Perhaps it is useful to simplify the issue for the reader by posing two questions. First, let us suppose that the Jewish state was founded on a land other than Palestine and accepted by the indigenous inhabitants of that land. Would the Arab and Islamic peoples have objected to such a state and entered into conflict with it? Second, if the people who had founded a non-Arab state in Palestine were not Jews -- if they were Christians, Buddhists or even non- Arab Muslims -- would the Arabs of Palestine and elsewhere have been anymore welcoming of that foreign implant?

The answer to both of these questions is no. The origin of the Arabs' conflict with Israel has nothing to do with the ethnic or religious affiliations of its founders. It has everything to do with the threat to a portion of the Arab national entity, which was eventually severed off and handed to a foreign people as a solution to a problem in which the Arabs had no hand in creating. Arab opposition to Israel never emanated from antagonism by Arab Muslims and Christians towards Jews and Judaism. The Arab conflict with Israel has always been, and should always be depicted as, a contemporary conflict over usurped national rights.

In light of the foregoing I have a number of recommendations to make to fellow Arabs and Muslims and then to Israel and its supporters abroad. Firstly, to Arabs and Muslims I say:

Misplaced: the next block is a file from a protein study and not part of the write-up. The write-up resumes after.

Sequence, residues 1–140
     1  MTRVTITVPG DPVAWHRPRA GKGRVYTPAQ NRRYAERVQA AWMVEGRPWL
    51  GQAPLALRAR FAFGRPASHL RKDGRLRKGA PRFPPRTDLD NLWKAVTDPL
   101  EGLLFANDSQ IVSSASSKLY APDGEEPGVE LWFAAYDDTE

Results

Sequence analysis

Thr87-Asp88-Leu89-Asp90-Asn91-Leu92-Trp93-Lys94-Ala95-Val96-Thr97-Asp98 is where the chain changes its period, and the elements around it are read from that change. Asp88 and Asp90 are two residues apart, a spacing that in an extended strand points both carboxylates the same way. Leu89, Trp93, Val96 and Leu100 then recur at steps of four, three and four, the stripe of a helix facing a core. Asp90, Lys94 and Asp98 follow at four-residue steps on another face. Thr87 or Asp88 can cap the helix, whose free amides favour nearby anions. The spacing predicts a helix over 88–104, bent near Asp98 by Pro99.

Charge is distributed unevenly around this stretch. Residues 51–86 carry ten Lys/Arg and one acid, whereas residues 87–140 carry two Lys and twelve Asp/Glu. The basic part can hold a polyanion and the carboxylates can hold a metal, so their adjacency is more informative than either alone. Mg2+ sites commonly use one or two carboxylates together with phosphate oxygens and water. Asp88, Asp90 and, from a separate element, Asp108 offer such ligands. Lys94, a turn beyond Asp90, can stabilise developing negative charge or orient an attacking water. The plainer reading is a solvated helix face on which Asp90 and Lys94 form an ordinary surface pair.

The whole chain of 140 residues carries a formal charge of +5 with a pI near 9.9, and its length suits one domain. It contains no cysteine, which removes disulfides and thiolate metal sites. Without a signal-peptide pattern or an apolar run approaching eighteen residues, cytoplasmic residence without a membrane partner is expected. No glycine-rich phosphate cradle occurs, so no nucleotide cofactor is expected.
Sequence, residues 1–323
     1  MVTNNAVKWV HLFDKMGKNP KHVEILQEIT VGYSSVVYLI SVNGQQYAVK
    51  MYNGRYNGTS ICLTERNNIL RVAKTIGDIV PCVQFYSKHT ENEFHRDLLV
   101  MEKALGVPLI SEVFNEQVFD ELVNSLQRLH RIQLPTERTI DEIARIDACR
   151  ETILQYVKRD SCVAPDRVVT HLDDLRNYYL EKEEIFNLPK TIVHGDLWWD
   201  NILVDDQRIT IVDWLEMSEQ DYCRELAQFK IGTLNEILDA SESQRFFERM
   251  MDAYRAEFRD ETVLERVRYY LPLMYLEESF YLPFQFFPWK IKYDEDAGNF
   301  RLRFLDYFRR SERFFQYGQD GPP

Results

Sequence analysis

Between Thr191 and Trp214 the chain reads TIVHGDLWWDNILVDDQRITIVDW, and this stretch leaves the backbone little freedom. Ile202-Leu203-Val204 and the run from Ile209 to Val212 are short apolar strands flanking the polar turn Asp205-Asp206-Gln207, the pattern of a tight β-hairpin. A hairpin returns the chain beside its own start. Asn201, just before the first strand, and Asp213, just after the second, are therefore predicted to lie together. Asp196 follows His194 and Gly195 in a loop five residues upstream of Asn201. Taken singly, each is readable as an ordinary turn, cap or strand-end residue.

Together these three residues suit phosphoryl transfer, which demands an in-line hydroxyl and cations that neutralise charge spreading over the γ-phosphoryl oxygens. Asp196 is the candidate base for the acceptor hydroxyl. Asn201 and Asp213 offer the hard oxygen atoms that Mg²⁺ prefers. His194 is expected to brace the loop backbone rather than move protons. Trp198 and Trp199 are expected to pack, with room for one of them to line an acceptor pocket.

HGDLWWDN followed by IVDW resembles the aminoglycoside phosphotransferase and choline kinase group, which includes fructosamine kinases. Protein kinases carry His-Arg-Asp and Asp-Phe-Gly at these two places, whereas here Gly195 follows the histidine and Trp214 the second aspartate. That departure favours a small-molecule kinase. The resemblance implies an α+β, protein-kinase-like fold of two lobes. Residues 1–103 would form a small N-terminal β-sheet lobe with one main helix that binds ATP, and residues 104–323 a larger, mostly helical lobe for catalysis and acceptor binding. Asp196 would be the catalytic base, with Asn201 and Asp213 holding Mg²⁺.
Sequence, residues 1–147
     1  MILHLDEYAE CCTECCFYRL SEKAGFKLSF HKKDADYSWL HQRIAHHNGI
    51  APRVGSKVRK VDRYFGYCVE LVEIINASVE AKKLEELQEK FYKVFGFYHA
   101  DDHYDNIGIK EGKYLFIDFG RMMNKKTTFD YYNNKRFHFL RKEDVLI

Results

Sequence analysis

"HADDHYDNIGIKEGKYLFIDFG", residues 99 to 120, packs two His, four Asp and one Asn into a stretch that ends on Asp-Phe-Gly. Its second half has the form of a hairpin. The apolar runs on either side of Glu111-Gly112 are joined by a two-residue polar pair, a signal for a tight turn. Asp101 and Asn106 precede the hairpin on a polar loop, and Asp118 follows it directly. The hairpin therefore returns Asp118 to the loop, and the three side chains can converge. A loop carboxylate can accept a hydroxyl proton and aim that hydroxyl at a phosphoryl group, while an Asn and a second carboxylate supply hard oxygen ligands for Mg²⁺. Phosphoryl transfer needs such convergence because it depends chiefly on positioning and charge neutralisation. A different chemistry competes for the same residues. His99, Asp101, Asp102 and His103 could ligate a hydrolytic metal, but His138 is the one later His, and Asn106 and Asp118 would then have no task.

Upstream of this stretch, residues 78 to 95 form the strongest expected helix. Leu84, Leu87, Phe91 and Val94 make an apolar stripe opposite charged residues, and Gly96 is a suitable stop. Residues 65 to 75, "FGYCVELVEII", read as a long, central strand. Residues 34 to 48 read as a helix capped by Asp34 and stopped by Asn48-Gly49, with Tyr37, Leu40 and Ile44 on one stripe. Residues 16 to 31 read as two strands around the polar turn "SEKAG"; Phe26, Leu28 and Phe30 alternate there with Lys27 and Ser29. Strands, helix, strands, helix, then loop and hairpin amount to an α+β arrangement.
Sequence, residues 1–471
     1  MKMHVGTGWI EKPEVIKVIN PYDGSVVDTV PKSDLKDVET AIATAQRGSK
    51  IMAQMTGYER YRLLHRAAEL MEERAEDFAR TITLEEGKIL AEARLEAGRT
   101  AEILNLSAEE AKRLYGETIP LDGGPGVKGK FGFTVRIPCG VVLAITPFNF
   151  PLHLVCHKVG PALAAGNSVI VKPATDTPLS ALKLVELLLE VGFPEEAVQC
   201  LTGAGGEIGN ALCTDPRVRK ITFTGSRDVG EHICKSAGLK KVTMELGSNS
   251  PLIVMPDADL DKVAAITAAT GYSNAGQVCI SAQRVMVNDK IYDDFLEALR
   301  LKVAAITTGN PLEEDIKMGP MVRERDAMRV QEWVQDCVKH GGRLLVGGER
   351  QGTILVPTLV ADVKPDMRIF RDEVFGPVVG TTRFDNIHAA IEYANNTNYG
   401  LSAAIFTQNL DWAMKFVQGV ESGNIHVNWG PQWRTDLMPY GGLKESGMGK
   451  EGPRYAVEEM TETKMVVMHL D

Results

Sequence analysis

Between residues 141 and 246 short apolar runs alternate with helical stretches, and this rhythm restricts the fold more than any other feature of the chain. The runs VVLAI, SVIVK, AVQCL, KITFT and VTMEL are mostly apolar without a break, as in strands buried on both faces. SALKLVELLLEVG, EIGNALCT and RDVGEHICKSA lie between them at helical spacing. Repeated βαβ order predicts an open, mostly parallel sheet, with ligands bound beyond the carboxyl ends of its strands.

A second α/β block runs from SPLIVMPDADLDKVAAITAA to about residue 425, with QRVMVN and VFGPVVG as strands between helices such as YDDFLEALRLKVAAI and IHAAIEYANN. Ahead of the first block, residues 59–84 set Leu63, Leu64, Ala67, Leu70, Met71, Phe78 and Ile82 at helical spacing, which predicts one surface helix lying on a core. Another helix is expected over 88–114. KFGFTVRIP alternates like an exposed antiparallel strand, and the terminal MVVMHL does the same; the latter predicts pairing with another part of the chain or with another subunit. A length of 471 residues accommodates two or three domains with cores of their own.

We must uphold the correct perspective on our relationship with the Jews, as embodied in the legacy of Arab civilisation and in our holy scriptures. This legacy holds that ours is not a tradition of racism and intolerance, that the Jews are our cousins through common descent from Abraham and that our only enemies are only those who attack or threaten to attack us.

It is an incontrovertible fact that Hitler forced the Jews of Germany and the other countries he occupied to wear the Star of David and to place that symbol on the outside of their homes. This was to facilitate rounding them up and dispatching them to concentration camps. Although that star is the emblem on the Israeli flag, if used by others to allude to the Jews it evokes painful memories of one of the most hideous forms of racist persecution. I therefore advise against using this symbol when criticising Israeli officials and policies, all the more so since there is no need to import such outmoded and abhorrent practices from another culture.

In addition to avoiding over-generalisations whereby we attribute to all Jews responsibility for the actions of some, I counsel against conspiracy theorising. It is all too easy to suggest that Jews or Israelis who criticise Israeli policy are simply playing the role assigned to them as part of a greater scheme to deceive the Arabs and the rest of the world. History cannot be condensed into a series of conspiracies.

It is also important, in this regard, that we refrain from succumbing to such myths as the Protocols of the Elders of Zion and the use of Christian blood in Jewish rituals.